Woke up this morning and discussed Euan’s “laid-back” pace with Robert, whilst Euan lay across from us, eyes closed, trying to remain impassive and inconspicuous. I figured either he was asleep and I could subliminally transmit my concerns or he was awake and there would be no need for the subtle approach; I wanted him to mentally prepare himself before I properly confronted him later (you can’t just spring controversial issues on people, unless you want to take the carpet from under their feet on purpose). Is this the start of the break-up? Euan’s even more passive aggressive than I am, so rising tensions are likely to be suppressed, probably resulting in Robert exploding and my general apathy (I’ll say I don’t care whether or not Euan wants to speed up he has to, or we’ll leave him in the dust).
We tried to go to the library, but it was closed. I’m pretty sure it’s not a Sunday. I have noticed, on this walk, that places seem to be closed on random days; Wednesdays, Thursdays or all the days (in the particularly deprived places, like Ousby). Instead I visited the empty launderette whilst Robert and Euan checked out the community centre, where they found free internet. After a number of spontaneous split decisions we booked a hostel in Mankinholes, left Euan in charge of moving laundry to the driers and bailed by bus to Skipton to search out maps.It was a very strange sensation riding a bus; my legs didn’t know what to do. I kept shifting from side to side, confused by the rapid pace the ground seemed to be moving past.
After getting lost in a department store we found a WH Smiths, which led to a search for outdoor stores with OS (Ordinance Survey) maps. After much deliberation we bought four, making us late for the bus. We decided to kill the next hour in charity shops (almost making us late for the next bus). We got to the bus station with minutes to spare, but I needed the toilet, and so decided to use the future loo installed there; it was fully automated, interactive, barked instructions at me and was curiously bigger on the inside. After emerging into what I thought was the year 2026 I orientated myself and sprinted to the bus.
We decided to check out some waterfalls (as advertised by some signs), after finding Euan on some benches opposite the bus stop; he’d been waiting patiently there ever since we’d left (like a faithful dog). Well, I assume he’d been waiting there, since it was about twenty feet away from the launderette. The waterfalls were anti-climatic, so we tossed and orange around until it broke over Robert’s face, and plotted our future route as we lounged in the sun.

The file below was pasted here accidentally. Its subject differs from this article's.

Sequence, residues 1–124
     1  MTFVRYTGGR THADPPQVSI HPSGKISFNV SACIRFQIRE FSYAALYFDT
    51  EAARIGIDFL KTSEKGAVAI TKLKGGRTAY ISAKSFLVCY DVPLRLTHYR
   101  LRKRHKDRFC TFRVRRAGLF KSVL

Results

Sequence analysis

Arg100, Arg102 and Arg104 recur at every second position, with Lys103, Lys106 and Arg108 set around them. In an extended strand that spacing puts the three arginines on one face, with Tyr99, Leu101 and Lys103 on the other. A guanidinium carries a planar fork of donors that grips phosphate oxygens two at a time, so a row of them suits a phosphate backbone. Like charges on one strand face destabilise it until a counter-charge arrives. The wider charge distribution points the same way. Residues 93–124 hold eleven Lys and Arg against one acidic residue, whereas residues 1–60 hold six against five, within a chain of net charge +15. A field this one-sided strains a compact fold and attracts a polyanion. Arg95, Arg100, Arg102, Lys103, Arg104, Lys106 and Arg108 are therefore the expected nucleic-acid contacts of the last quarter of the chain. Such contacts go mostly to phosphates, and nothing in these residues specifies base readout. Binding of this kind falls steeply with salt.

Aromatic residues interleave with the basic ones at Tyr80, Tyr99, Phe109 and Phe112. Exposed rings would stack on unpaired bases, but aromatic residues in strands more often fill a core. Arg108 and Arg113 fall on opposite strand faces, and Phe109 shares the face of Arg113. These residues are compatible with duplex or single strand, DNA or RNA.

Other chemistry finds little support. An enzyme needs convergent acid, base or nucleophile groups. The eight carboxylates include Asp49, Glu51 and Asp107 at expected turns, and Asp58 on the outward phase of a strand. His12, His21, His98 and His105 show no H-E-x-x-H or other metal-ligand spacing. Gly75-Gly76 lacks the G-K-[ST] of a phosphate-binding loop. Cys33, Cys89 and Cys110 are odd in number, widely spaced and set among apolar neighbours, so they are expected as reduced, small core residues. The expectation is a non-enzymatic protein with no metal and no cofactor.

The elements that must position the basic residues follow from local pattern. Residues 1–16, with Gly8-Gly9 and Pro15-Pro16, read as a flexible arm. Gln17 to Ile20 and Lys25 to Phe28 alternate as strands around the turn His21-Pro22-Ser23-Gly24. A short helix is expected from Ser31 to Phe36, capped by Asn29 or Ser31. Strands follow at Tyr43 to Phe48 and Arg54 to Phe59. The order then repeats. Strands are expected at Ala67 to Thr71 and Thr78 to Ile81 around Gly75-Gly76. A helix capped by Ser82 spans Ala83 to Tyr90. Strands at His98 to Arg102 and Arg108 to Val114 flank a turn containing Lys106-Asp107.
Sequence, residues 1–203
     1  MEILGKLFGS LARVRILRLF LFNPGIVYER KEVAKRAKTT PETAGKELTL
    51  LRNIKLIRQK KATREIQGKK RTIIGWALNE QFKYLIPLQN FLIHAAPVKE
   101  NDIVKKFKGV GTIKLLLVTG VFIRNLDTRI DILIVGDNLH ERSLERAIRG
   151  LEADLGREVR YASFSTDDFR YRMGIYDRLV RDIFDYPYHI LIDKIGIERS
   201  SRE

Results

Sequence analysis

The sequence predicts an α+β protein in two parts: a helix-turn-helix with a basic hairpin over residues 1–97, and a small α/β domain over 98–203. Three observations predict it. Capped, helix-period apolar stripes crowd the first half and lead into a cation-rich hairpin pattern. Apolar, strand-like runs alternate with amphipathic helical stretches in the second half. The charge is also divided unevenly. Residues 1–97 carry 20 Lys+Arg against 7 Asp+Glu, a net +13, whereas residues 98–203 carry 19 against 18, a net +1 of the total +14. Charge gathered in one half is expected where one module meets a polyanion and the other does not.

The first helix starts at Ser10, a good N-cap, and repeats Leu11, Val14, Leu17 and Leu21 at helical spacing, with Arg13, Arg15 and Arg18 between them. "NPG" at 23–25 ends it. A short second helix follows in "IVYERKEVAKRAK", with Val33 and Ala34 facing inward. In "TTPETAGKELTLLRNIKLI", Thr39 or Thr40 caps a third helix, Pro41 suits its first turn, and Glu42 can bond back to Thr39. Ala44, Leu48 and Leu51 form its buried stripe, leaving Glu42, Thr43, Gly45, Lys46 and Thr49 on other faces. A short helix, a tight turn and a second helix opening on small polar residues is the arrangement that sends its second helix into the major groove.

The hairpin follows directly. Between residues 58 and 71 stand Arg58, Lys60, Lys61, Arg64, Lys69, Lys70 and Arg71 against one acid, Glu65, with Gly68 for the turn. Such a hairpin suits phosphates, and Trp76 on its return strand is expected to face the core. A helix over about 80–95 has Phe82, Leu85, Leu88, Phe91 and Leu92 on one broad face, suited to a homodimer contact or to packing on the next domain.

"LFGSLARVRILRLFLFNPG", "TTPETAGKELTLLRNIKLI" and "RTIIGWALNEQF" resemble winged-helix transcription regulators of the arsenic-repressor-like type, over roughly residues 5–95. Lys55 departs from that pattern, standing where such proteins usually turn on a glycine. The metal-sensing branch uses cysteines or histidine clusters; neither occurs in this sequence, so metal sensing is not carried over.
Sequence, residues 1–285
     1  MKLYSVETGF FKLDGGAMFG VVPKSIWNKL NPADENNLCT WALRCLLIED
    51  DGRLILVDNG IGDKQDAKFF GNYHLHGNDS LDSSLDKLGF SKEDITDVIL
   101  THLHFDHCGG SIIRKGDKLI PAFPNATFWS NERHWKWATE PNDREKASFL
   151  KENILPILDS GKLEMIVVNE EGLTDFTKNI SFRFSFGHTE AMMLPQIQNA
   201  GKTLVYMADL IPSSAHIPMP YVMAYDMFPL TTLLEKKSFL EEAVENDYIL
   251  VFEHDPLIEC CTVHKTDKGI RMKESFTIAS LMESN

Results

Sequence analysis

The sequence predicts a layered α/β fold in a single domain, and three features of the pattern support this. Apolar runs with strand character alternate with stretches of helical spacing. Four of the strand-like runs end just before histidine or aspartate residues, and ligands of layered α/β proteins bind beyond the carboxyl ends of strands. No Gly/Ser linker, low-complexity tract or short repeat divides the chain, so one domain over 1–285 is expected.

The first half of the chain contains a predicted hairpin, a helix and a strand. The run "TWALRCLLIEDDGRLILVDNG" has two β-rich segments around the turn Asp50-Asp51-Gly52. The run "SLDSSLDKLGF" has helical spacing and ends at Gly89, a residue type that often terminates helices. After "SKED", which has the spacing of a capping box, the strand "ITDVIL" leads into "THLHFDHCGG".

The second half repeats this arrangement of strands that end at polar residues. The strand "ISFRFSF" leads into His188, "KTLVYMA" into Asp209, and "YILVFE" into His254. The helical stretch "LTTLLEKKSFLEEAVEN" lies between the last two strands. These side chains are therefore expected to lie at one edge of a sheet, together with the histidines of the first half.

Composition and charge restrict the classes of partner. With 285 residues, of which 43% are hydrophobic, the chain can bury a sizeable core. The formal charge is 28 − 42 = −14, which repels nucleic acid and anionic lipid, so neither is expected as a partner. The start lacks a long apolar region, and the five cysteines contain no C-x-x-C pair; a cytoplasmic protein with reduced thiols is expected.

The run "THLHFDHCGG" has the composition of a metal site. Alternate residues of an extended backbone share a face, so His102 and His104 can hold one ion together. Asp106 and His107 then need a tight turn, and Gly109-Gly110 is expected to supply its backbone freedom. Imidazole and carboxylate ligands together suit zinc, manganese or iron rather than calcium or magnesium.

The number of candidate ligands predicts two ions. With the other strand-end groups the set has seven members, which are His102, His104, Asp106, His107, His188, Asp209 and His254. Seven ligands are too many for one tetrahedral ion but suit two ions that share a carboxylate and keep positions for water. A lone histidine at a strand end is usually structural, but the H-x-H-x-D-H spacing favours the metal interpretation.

Our evening was quiet. We got a chippy for dinner, mine was a fish supper for only £3.70 (best value in Britain). I finished “Fear and Loathing” and got hay fever. We had a good conversation with the man who volunteers at the hostel; he’d been a teacher in years gone by and his wealth of experience and advice earned my respect. He informed us that the hostel was, like many others in Britain, a hair’s breadth away from closing down. In fact it had been closed down, but the local council had paid to reopen it for the benefit of the few passing tourists. This made a small bit of sense to me; Earby, despite being full of friendly people, isn’t exactly a tourist hot-spot. There’s a heritage museum, dedicated to the local mining industry and, of course, the piddling waterfalls. The children’s “Play Centre,” just outside the community centre, is a visual symbol for the local deterioration; it consisted of three astro-turf columns of heights ranging from one to three feet and an eponymous sign crudely graffitied (a lonesome crisp packet rolled across the scene like some impoverished tumbleweed). It was all a bit depressing. We would come to discover that the hosteling network was evolving, and those hostels reluctant to let go of their traditions were dying out. Interestingly the one region safe from this cull was in the Pennines, still thriving with enthusiastic hikers desperate for the authentic hostel experience.